Bose's case-by-case arithmetic leads her in the end to estimate that between 50,000 and 100,000 people died in 1971. One lakh, in other words, at most. One cannot say that she absolutely proves this, but her evidence points in that direction, and, in any case vastly away from the figure of 3 million still proclaimed in Bangladesh and India. The wider revision of the conflict's history she implies exonerates the Pakistani government of any plot to rule the east by force, suggests that the Bengali leader Sheikh Mujibur Rahman let the genie of nationalism out of the bottle but could not control it, and insists that the conflict was a civil war within East Pakistan. The killings by Bengalis of non-Bengali minorities, of Bengalis who stuck with the idea of a united Pakistan, and even of some Hindu Bengalis – all of whose deaths were attributed at the time to the Pakistani army – needs to be reckoned in any fair balance. The notion that the Bangladesh movement was non-violent, even Gandhian, was always fantastical. Bose has written a book that should provoke both fresh research and fresh thinking about a fateful turning point in the history of the subcontinent.
Dead Reckoning by Sarmila Bose - review | Books | The Guardian
Seriously Bangladeshis need to get over this or be honest, its a war, atrocities happened no doubt and i would apologize for them but honestly millions? who on earth are you trying to kid? If you wish to lie like that then dont expect any apology!
"She has taught and held research positions at Harvard, George Washington University, University of Warwick"
Pretty prestigious academic institutes wouldnt you say?
Sarmila Bose | Politics and International Relations, University of Oxford
ZAB > Shahnawaz Bhutto > Ghulam Murtaza Bhutto (not BB's brother) > Khuda Baksh Bhutto > Doda Khan Bhutto...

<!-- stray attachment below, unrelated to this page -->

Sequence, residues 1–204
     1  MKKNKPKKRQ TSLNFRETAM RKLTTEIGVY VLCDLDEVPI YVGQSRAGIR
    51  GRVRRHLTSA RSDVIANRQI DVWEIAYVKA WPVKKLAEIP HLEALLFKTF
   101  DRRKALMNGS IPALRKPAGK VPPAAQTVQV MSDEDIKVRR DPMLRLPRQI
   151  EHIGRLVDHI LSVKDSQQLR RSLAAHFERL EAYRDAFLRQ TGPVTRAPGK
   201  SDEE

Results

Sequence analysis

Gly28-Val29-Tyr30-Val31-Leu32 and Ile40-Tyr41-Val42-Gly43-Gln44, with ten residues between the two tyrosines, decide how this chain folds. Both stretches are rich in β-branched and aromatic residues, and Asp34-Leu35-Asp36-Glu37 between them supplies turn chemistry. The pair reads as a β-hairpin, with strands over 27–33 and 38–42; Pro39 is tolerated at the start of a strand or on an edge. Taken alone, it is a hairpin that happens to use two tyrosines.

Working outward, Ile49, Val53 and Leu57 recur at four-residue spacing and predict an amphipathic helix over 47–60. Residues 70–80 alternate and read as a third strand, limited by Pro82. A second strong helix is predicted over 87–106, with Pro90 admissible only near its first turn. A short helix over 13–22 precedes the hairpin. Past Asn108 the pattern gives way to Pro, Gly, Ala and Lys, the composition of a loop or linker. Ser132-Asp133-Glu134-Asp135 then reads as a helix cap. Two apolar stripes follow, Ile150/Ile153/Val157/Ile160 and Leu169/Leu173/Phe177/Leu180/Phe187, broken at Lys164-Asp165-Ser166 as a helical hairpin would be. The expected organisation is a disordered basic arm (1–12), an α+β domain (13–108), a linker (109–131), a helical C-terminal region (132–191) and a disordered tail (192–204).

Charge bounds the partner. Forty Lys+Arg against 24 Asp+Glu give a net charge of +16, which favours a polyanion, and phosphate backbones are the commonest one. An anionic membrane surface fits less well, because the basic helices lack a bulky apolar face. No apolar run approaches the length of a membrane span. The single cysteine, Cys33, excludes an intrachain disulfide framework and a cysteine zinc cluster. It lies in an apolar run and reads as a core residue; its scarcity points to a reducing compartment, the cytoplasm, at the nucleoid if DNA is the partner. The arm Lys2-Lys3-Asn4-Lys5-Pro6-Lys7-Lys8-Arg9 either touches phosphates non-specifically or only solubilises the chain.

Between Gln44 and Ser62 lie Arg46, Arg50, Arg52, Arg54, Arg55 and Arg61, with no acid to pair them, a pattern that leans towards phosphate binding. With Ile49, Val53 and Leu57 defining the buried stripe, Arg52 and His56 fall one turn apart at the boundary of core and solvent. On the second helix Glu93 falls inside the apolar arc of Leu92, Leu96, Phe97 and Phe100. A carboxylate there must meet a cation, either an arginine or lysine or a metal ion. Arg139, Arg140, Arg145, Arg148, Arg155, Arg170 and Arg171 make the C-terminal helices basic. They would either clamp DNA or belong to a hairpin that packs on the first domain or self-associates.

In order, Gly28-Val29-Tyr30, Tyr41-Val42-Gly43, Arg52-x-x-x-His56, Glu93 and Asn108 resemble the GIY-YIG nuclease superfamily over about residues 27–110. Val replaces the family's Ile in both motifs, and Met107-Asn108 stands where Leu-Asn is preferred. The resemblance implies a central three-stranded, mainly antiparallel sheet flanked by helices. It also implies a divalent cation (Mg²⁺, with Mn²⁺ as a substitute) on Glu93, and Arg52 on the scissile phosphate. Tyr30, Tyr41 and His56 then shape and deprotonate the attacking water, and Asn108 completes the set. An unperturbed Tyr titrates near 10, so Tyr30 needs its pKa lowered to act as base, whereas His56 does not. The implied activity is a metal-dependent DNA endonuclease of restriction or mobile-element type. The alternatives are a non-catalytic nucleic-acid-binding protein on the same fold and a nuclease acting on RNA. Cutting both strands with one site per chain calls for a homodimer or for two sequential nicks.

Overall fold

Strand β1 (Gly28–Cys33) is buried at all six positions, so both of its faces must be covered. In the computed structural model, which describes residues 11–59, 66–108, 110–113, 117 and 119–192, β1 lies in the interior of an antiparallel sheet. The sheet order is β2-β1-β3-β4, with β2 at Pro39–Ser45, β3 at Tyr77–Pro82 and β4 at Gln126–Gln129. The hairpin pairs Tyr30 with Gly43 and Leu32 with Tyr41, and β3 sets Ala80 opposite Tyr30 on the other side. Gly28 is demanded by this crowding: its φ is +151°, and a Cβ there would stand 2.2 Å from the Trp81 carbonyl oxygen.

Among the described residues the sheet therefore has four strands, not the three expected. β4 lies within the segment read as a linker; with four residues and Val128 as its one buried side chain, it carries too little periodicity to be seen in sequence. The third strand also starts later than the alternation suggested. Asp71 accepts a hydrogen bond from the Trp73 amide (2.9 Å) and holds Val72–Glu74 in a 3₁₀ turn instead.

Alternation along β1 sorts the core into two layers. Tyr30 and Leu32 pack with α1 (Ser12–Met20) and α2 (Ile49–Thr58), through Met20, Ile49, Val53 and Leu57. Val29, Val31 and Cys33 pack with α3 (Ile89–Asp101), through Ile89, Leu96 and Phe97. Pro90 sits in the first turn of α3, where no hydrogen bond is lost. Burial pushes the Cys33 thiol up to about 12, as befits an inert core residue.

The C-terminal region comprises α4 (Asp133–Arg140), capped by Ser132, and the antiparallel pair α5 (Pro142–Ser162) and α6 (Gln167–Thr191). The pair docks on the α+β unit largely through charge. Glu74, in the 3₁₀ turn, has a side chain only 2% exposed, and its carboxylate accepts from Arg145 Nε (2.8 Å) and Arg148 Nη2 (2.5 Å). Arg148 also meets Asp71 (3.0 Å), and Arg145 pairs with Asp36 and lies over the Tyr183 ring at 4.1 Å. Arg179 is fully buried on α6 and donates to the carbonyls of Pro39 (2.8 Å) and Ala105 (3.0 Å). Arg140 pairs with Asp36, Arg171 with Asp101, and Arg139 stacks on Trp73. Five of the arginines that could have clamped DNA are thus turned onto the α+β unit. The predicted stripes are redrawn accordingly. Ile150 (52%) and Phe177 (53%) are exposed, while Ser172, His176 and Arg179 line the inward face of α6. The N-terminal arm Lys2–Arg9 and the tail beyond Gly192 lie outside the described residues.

Before that the Bhutto's founded the village of Garhi Pir Baksh some insanely long time ago by of course Pir Baksh Bhutto. No known history of them before that.
The number of dead in Bangladesh in 1971 was almost certainly well into seven figures. It was one of the worst genocides of the World War II era, outstripping Rwanda (800,000 killed) and probably surpassing even Indonesia (1 million to 1.5 million killed in 1965-66). As R.J. Rummel writes,
The human death toll over only 267 days was incredible. Just to give for five out of the eighteen districts some incomplete statistics published in Bangladesh newspapers or by an Inquiry Committee, the Pakistani army killed 100,000 Bengalis in Dacca, 150,000 in Khulna, 75,000 in Jessore, 95,000 in Comilla, and 100,000 in Chittagong. For eighteen districts the total is 1,247,000 killed. This was an incomplete toll, and to this day no one really knows the final toll. Some estimates of the democide [Rummel's "death by government"] are much lower -- one is of 300,000 dead -- but most range from 1 million to 3 million. ... The Pakistani army and allied paramilitary groups killed about one out of every sixty-one people in Pakistan overall; one out of every twenty-five Bengalis, Hindus, and others in East Pakistan. If the rate of killing for all of Pakistan is annualized over the years the Yahya martial law regime was in power (March 1969 to December 1971), then this one regime was more lethal than that of the Soviet Union, China under the communists, or Japan under the military (even through World War II). (Rummel, Death By Government, p. 331.)
The proportion of men versus women murdered is impossible to ascertain, but a speculation might be attempted. If we take the highest estimates for both women raped and Bengalis killed (400,000 and 3 million, respectively); if we accept that half as many women were killed as were raped; and if we double that number for murdered children of both sexes (total: 600,000), we are still left with a death-toll that is 80 percent adult male (2.4 million out of 3 million). Any such disproportion, which is almost certainly on the low side, would qualify Bangladesh as one of the worst gendercides against men in the last half-millennium.
Gendercide Watch: Genocide in Bangladesh, 1971
Nevertheless, for me the most hatred part of the genocide is the killing of the brightest sons of the nation in 14th December, 1971 to make the nation brainless!! It definitely pushed the nation few decades back!!
Merging this with the primary Bangladesh thread.
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